HuffPost has a new series about journalists enduring their hard and stressful jobs. The headline blares that there is a “mental-health epidemic in the newsroom.” It’s supposed to prompt sympathy and elicit awareness. Maybe even pity. But instead, it mostly shows how weak this type of thinking is.
It’s also the kind of story that makes people hate our guts even more.
Sure, there are undiagnosed mental cases in all our newsrooms.
Everyone has an inkling of who they are.
But people are never going to feel sorry for journalists. We’re punching bags. We have the least desirable job out there, just below lumberjack, according to a recent survey that puts “news reporter” in last place. That’s the way it goes.
As someone who has experienced a lot of verbal hits and threats (and a lawsuit) over the years, it’s time for these whiny journo bitches to be quiet. You know, shhhh. Save it for someone who cares. Which is no one.
The story does open with a tough tale — a Times-Picayune photographer who attended PTSD therapy after covering Hurricane Katrina. The story says he lost his home and all of his belongings. A year after being in the trenches of his work, officers pulled him over for “erratic” driving. “Just kill me, just kill me,” he begged. “Get it over with.”
The next time he crossed paths with police, they used a stun gun and arrested him. He woke up in restraints.
But there’s a stark difference between watching the devastation left in a hurricane’s path and covering war zones to getting the occasional anonymous angry email from a lunatic commenter who — poor you — didn’t like your story and wants to psychoanalyze you in the worst of ways.
The latter group is actually given credence in HuffPost‘s report.
The writer, Gabriel Arana, explained how hard it is for journalists to be on social media (cue up WaPo race reporter Wesley Lowery‘s internal soundtrack).
“And as any reporter who’s ever been dressed down by an overzealous PR flack or threatened with a lawsuit will tell you, the job entails a good degree of work-related harassment — threats from sources and subjects, hate mail, abuse on social media. All this on top of the standard workplace stressors — deadlines, conflicts with coworkers and managers, malfunctioning equipment. ‘Being a journalist is more stressful than people realize,’ said the University of Tulsa’s Newman.”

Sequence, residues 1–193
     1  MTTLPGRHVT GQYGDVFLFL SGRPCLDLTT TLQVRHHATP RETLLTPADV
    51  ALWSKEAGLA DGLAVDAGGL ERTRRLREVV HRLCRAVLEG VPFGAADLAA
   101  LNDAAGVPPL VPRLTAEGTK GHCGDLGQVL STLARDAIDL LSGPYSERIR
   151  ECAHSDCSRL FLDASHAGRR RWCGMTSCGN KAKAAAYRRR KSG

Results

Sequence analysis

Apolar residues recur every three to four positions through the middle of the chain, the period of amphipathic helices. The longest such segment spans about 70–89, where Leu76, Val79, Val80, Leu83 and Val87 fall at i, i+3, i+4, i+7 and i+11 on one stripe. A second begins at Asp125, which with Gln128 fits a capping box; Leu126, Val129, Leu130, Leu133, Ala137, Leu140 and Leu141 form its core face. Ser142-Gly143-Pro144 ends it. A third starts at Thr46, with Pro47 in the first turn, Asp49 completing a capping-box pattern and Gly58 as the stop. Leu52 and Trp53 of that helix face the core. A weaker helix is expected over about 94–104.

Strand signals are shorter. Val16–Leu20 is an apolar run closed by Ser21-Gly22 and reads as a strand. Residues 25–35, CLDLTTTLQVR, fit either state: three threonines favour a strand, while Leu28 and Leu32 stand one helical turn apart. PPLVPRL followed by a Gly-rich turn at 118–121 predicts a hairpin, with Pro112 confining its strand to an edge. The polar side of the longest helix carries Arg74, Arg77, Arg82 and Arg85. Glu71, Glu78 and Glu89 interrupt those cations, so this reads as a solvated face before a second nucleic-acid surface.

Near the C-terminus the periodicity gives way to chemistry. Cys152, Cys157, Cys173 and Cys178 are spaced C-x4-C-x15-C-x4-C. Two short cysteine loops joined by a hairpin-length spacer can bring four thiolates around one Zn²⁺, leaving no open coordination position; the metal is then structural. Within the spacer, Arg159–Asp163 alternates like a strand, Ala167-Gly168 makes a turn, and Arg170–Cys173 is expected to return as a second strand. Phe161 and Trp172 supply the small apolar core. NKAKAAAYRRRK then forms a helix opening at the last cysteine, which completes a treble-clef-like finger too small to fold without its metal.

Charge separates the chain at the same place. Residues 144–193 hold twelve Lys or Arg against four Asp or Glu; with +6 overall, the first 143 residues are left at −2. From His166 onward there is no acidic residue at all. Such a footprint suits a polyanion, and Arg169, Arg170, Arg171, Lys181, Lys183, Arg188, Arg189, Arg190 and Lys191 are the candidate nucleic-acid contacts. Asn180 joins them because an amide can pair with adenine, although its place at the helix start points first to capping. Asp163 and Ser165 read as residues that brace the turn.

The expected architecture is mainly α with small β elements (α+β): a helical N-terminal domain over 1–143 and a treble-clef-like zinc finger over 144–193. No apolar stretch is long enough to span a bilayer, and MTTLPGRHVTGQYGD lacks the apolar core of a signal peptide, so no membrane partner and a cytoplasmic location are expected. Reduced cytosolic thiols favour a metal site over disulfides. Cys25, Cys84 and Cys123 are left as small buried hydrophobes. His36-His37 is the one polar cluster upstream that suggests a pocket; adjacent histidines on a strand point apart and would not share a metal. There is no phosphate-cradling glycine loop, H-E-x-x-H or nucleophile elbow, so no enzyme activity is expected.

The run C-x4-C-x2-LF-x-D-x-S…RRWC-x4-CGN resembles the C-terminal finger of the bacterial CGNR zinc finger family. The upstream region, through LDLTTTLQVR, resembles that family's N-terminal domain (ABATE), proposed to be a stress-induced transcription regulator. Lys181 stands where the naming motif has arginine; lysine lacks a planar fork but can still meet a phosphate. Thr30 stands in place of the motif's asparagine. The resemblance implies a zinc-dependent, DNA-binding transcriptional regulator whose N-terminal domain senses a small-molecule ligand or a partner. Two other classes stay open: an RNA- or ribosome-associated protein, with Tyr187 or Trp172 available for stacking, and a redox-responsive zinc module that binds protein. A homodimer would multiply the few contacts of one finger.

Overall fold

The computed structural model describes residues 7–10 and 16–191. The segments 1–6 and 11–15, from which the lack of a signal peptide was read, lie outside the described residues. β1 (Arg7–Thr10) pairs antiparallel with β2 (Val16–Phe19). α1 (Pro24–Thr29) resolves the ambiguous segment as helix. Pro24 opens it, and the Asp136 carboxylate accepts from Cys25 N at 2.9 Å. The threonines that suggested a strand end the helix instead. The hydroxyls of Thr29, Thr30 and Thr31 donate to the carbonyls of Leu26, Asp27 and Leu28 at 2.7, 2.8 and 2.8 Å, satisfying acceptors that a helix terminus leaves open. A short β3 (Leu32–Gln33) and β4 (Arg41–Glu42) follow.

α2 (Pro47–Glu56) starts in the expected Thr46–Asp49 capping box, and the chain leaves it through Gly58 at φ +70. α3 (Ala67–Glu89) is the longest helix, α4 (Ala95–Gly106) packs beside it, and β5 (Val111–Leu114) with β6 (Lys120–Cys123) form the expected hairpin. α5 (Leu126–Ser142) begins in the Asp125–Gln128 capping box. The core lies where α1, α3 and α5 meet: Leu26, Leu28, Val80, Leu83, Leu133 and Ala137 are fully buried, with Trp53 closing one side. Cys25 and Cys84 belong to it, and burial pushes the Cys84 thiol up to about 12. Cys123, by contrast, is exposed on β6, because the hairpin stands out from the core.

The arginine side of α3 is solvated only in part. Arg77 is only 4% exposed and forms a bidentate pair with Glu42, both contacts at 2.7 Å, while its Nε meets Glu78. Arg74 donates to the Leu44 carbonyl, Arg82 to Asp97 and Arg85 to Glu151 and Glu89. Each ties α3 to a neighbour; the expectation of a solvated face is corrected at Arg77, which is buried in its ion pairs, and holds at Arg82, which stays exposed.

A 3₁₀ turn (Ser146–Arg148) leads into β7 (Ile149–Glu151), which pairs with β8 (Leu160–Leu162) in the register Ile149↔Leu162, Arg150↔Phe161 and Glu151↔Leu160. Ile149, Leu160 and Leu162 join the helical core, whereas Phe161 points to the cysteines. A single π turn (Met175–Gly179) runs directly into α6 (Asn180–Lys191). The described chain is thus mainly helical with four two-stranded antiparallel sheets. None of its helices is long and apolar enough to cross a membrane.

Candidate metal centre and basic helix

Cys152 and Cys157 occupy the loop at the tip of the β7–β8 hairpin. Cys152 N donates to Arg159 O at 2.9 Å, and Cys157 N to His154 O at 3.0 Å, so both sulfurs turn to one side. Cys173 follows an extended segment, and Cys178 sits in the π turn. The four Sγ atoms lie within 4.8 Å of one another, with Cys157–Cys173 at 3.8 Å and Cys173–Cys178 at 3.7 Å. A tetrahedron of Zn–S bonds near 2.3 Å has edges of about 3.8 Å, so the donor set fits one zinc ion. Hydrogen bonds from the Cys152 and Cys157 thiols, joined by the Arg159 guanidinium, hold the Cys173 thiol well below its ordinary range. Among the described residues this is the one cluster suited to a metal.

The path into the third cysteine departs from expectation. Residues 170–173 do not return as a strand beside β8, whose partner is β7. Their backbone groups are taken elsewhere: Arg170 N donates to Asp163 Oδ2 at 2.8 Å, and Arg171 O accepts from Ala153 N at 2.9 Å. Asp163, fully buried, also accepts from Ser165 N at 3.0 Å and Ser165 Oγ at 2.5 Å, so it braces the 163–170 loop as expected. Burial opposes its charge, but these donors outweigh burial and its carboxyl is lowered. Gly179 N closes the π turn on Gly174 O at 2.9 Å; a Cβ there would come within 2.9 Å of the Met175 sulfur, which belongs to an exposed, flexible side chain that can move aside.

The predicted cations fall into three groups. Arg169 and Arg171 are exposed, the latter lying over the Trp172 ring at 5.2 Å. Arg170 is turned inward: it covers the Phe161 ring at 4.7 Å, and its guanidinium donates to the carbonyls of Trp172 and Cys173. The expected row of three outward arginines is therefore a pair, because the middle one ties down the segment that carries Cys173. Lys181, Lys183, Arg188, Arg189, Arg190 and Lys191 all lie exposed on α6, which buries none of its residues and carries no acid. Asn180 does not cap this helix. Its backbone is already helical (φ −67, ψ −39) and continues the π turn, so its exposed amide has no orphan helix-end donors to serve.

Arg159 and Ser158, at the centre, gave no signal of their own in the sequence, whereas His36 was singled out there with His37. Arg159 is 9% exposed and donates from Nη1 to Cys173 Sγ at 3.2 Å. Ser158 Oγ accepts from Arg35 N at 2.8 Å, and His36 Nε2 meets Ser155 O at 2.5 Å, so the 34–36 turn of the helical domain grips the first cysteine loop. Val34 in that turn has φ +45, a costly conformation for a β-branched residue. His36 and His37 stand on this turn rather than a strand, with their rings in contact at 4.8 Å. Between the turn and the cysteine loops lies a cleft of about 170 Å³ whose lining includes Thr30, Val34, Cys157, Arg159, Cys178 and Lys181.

HuffPost says we cope with this kind of hell with booze and cigarettes.
This is a key line in the story: “Specific data about journalists and mental health is hard to come by.” A few studies are cited — one from the mid 90s, another from 2001 and another that puts the range at 4 to 28 percent of journalists who have suffered with PTSD at some point. He writes that even if the stress doesn’t amount to a mental disorder, “flashbacks, insomnia and anxiety” take a toll. (Does my run-in with Bloomberg Politics‘ Dave Weigel at a HuffPost rooftop party count? In between relentless tweeting, he glared at me and every so often the traumatic scene returns in nightmares.)
Overzealous PR flacks? This is daily. Threats from sources? This is monthly. Abuse on social media? Please, I can’t even think about this. Keep Wesley Lowery and HuffPost‘s Ryan J. Reilly away from me! (And yes, I’m joking guys.)
And finally, hate mail?
It’s a gift. We should all be blessed with daily hate mail. If nothing else, it’ll keep you from thinking you’re above the rest and on your toes when you put your key in your front door.